The issue here isn't how do we stop them. Fences won't do that. This isn't a question of a view being more important than a person's life. Erasing that view won't save them.
  The heart of all this is silence.
  Because the real horror of death, of suicide in particular, is its silence. Its emptiness. The lack of response. They do not move anymore. They do not speak when spoken to. They won't tell you why.
  That's what's unbearable. But ultimately it's what must be borne.
  You can't reach in after them and make it better. Wrecking the house won't bring them back.
  Perversely, one place you might find an answer, where you might find salve for your broken heart is someplace like that odd orange bridge in the fog, any given morning, 200 feet above the water, as the sun rises. A place like that, or a cliffside in the Grand Canyon, or leaning by the short little railing which is all that stands between you and anyone and the soul shaking beauty of the Niagara, a beauty which stands hand in hand with oblivion. Places like that, left to themselves and you, might bring you peace. They've certainly talked me off the edge.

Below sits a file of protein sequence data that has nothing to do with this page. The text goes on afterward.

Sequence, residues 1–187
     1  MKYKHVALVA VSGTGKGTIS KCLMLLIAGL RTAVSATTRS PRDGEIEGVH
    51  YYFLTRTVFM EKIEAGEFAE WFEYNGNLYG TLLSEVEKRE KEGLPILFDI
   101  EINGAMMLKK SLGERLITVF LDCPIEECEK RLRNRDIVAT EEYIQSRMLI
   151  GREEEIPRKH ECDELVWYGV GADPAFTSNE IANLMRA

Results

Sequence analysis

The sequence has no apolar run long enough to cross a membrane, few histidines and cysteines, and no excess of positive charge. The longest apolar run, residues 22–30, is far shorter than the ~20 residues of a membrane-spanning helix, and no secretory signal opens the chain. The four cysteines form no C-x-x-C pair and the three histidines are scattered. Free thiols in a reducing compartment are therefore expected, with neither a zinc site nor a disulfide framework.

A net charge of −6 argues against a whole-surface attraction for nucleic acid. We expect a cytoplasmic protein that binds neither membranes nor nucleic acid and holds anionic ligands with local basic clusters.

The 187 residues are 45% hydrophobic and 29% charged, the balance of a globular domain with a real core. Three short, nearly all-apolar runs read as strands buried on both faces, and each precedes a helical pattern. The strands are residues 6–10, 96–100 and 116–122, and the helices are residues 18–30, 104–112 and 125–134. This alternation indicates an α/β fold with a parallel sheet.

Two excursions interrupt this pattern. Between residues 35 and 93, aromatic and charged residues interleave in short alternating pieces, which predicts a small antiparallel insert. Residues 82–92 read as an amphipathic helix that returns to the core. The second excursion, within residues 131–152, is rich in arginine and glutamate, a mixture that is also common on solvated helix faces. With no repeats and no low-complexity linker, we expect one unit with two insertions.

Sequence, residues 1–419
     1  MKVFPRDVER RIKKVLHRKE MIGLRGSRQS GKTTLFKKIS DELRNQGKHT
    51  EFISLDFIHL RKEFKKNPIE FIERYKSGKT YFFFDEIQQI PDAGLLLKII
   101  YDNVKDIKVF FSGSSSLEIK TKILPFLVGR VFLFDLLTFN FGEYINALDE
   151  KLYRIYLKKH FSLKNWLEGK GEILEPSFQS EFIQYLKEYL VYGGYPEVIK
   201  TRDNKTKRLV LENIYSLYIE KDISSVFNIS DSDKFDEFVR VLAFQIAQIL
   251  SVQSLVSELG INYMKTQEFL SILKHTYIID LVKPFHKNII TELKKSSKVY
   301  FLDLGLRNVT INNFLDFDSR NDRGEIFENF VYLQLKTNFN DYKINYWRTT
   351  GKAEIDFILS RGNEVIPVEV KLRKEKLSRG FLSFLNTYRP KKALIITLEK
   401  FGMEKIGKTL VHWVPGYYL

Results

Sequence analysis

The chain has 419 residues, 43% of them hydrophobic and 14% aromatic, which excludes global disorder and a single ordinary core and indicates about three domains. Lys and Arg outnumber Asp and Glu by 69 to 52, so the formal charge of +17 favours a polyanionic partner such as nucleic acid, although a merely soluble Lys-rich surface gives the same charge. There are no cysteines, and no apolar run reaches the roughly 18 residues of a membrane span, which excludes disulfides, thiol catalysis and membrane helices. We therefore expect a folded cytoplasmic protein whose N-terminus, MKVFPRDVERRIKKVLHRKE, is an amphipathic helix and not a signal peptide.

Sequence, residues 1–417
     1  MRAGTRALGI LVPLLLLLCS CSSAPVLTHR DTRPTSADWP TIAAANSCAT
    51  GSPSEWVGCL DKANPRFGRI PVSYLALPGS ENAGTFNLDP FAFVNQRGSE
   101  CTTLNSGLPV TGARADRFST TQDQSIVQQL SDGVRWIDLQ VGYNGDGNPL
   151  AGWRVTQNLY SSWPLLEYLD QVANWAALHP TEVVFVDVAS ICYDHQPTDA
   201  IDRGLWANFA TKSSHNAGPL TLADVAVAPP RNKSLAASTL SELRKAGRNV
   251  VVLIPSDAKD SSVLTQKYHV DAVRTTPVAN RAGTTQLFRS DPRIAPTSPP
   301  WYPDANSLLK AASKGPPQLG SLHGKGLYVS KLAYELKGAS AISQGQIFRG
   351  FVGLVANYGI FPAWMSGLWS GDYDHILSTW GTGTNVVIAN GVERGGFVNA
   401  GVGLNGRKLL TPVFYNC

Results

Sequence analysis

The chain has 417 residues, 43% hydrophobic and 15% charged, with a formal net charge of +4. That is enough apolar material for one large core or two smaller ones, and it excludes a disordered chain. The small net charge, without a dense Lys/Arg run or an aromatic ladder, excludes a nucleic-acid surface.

Maybe that's what's so hard to bear - the fact that the void you relish and the void you throw yourself into are the same thing. Pretending it's not won't change a thing. Being alive is messed up, we are not simple, simple acts of violence won't fix a thing.


16 comments:

  1. I believe it would be best to prevent people from getting to the point of contemplating suicide in the first place, than to try and prevent them from dying if they do jump.

    There are some places that are popular for suicides, like the forest at the base of Mt. Fuji in Japan. They actually send a search party in there every so often to look for bodies.

    What's more concerning is that younger and younger people are committing suicide and most of the time it has to do with bullying.

    What someone believes happens in the afterlife makes a difference as well, not just to the person who is suicidal, but to their loved ones. If you believe in reincarnation, you will see it differently than someone who believes you can go to hell for it.

    The next film I plan to make has to do with youth suicide. I'm hoping to bring more light to the subject. It's one of those things I feel we need to talk about more and try to prevent depression from happening in the first place. At least on the level it's currently at. People are ultimately pretty unhappy. I'm surprised more people don't realize this and want to do something about it. Which in itself makes me less happy. Oh jeez lol. The cycle continues...